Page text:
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Tennessee assistant coach Tee Martin talks with quarterback Jarrett Guarantano (2) and receiver Jauan Jennings during the Orange and White spring football game Saturday at Neyland Stadium. Martin, a former Vols quarterback, joined the staff in the offseason.
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Tennessee safety Nigel Warrior (18) said bonding will be a big priority for the Vols this summer in the absence of official team practices.

KNOXVILLE — Spring practice is in the Tennessee football team's rear-view mirror for this year.

Yet the work doesn't stop.

Although preseason camp won't begin until early August for the Volunteers, they will be working to improve before then — even if it's not in a practice setting.

The things players will focus on include fundamentals, strength training and — according to safety Nigel Warrior — bonding.

"Starting tomorrow, we're going to be bonding together and kicking it with each other," Warrior said Saturday night, after the Vols concluded their spring schedule with the Orange and White game. "Having fun, telling each other little secrets, stuff like that. We'll have a little popcorn movie date; something that'll keep us going."

Warrior also mentioned paintball as a team activity. He was asked who the best paintball player on the team is.

"I don't know yet," he said, "but it's going to be me."

With the roster turnover the Vols have experienced since Jeremy Pruitt took over as coach in December 2017, bonding may be the way to go. The coaching staff has changed, too, with quarterbacks transitioning to the leadership of Chris Weinke, running backs adjusting to David Johnson and receivers answering to Tee Martin. On defense, coordinator Derrick Ansley is the only new face on the staff — though some other assistants' roles have changed — but he will fill a big role by calling plays, and he'll also coach the secondary along with Pruitt.

In some cases, the bonding has been going on for a while. Quarterback Jarrett Guarantano has been in the program for four seasons, while receivers Tyler Byrd, Marquez Callaway, Jauan Jennings, Brandon Johnson and Josh Palmer all have been around for at least three years. The rapport has been in that group for a while and will be expected to continue for the most experienced position on the team — which means the receivers will be leaned on to provide leadership.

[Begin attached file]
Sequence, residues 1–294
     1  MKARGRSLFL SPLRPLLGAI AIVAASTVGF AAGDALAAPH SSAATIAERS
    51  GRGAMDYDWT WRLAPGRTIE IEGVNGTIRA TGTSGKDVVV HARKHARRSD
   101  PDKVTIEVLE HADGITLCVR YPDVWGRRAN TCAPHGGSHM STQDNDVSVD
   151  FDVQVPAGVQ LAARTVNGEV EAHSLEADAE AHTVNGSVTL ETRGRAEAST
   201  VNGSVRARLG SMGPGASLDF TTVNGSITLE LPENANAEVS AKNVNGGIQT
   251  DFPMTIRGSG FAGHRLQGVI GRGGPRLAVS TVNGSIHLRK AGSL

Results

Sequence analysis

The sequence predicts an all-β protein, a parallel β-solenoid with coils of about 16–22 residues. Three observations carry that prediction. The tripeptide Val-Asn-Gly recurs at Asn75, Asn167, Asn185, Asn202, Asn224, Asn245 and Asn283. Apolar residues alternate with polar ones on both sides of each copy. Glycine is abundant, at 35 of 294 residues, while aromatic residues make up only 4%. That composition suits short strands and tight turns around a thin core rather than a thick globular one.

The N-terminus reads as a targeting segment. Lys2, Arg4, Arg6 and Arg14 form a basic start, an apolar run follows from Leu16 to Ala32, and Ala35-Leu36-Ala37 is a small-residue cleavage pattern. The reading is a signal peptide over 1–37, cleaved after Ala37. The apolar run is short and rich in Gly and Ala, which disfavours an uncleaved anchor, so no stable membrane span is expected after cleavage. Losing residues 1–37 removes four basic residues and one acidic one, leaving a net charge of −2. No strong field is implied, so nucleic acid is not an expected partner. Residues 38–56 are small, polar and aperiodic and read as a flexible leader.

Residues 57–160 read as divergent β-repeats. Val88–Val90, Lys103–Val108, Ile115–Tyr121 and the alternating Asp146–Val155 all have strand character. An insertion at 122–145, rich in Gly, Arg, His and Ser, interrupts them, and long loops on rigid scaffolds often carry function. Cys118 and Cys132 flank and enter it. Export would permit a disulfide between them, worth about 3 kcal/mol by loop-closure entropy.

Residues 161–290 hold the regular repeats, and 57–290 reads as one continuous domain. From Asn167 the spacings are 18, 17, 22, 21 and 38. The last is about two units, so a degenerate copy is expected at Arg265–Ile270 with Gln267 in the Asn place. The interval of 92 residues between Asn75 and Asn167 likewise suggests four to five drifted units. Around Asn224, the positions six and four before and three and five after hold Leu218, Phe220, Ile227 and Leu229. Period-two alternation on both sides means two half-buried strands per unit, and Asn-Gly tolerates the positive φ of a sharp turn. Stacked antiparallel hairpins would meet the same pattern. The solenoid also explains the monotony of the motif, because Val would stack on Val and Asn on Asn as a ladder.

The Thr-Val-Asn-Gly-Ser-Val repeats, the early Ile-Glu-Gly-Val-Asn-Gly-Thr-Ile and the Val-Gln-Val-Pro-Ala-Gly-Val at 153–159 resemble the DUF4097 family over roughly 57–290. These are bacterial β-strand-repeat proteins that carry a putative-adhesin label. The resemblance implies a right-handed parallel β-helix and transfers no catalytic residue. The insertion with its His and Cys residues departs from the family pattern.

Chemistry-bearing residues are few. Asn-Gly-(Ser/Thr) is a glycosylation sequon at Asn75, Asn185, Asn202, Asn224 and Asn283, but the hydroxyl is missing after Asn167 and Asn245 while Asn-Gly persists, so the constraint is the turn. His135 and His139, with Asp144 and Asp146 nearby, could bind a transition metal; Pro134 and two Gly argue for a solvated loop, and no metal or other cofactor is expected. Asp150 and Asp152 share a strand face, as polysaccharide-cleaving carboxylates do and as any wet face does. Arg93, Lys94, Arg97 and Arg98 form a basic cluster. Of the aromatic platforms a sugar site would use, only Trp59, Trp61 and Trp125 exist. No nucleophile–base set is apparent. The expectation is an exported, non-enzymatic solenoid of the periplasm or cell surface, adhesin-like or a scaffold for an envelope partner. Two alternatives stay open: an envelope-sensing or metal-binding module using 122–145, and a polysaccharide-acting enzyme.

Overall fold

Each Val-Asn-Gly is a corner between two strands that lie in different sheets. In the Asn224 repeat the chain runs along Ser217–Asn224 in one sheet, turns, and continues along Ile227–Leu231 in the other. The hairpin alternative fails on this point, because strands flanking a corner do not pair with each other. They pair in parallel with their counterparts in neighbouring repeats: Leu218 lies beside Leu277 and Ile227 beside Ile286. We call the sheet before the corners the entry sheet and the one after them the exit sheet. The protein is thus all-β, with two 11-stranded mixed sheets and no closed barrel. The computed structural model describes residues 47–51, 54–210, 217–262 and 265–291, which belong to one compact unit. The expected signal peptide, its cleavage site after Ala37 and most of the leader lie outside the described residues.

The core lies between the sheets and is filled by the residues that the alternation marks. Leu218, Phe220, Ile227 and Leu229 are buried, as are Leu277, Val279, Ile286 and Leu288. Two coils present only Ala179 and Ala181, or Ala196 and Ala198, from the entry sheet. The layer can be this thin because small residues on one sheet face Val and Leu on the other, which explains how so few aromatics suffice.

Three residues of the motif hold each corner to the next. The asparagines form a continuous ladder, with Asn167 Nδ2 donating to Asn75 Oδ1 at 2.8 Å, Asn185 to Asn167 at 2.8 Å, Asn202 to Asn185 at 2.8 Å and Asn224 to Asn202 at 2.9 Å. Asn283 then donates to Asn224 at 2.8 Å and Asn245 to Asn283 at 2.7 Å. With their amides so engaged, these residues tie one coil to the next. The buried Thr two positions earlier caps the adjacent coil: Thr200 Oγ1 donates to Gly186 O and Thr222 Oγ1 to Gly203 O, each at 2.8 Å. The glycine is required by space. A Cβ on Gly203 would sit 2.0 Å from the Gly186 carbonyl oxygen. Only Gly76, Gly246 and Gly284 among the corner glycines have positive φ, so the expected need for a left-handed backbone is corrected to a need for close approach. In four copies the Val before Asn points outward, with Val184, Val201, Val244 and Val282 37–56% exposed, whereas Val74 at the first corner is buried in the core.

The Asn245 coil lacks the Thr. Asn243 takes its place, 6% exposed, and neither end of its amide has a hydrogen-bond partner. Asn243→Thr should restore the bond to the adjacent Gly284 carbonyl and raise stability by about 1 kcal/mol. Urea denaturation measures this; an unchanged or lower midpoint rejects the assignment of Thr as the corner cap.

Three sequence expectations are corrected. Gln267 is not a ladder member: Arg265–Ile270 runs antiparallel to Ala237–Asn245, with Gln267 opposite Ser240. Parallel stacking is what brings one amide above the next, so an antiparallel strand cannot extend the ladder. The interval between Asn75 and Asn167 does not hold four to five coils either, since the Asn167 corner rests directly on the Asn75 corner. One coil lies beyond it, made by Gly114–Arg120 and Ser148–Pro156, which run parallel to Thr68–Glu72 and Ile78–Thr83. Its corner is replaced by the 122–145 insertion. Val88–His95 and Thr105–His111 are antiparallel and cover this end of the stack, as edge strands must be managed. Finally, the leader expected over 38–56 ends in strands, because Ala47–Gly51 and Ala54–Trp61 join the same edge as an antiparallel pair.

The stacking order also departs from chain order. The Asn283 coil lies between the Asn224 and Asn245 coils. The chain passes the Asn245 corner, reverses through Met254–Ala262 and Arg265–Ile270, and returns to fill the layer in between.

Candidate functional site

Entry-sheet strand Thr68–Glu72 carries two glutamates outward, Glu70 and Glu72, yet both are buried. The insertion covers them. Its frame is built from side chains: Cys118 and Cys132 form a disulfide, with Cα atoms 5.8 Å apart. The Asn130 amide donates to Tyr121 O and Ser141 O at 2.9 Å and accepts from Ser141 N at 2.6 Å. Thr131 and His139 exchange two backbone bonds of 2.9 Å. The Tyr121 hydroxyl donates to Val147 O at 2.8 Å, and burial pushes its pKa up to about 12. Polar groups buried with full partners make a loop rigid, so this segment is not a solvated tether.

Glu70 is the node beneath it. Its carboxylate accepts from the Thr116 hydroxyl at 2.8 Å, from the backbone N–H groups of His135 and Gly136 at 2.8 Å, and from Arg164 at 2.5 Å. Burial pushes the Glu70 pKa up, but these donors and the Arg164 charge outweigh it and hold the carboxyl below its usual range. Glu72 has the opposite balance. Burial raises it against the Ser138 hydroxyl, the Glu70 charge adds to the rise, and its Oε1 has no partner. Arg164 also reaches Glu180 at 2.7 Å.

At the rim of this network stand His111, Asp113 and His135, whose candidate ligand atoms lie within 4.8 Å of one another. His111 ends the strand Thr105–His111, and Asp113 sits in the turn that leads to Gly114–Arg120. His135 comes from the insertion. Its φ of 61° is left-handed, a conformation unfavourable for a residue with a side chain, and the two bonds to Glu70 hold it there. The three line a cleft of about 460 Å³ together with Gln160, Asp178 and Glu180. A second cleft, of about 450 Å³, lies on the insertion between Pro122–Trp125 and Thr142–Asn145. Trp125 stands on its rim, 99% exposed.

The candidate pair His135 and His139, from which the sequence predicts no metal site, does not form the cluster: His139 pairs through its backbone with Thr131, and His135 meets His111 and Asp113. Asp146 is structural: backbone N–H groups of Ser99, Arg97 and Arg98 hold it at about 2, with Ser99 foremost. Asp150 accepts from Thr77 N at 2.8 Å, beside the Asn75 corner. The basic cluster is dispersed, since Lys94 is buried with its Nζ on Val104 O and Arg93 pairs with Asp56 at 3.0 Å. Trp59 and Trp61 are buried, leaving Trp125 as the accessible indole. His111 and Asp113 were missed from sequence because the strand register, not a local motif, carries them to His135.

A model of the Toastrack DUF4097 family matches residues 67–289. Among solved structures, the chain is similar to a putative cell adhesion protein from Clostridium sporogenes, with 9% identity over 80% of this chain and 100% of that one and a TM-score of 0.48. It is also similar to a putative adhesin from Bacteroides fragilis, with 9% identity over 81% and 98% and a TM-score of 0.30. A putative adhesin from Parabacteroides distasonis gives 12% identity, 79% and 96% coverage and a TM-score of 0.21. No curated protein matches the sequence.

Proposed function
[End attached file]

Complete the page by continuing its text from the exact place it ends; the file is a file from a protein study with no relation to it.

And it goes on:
"I've been with those guys a lot," Guarantano said Saturday. "I'm going on my fourth year here, and I've been throwing to Marquez, Palmer, Brandon and Jauan ever since I got here. It's been very easy to adjust with them, and we're really starting to see the same things. The next step for us is we have to take the next thing to coverages and be able to see what we're feeling on each coverage. That comes with film study and being around each other."

There will be more adjustments. Attrition in the form of transfers is possible, and the members of Tennessee's 2019 signing class who did not enroll early will be on campus to start working soon, with the incoming group headlined by five-star offensive lineman Darnell Wright and four-star linebacker Henry To'oto'o.

Competition is one of Pruitt's main talking points and it will be back in the conversation, especially on the offensive line, which was probably the team's biggest weakness in 2018. The Vols added five players to that group, with Wright, Jackson Lampley and Melvin McBride set to join early enrollees Chris Akporoghene and Wanya Morris, who showed improvement during spring practices.

Even in the absence of official team practices and coaches' involvement this summer, there are things players can do to improve.

"You can do a lot as an offensive lineman by yourself," Pruitt said. "They put dummies on those sleds every day. Whether you're going to take a zone step or a stretch step or going to work a double team, you can do all of that on your own, and we need guys to do that. They need to have pride in their performance and go work hard this offseason. We need a really good offseason at every position."

Pruitt also mentioned the improvement players have already made in the past year working with Craig Fitzgerald, the team's director of strength and conditioning, and Rachel Pfister, Tennessee's director of sports nutrition for football, and he expressed confidence players who need to improve their strength this summer will do so.

And there's always movie night.

"It's very important," Warrior said. "It's not just about me, it's about the whole team coming together and having fun outside of the field but bringing it to the field.

"You can always improve on chemistry. We have pretty good team chemistry, which we have not had."

Athlete commits

The Vols picked up their sixth commitment for the 2020 recruiting class when three-star athlete Jimmy Calloway gave a nonbinding pledge to the program after Saturday's spring game. The 5-foot-11, 166-pounder from Morrow, Georgia, chose the Vols over offers from 11 other programs, including Georgia Tech, Kentucky and Oregon.

Contact Gene Henley at Follow him on Twitter @genehenley3 or at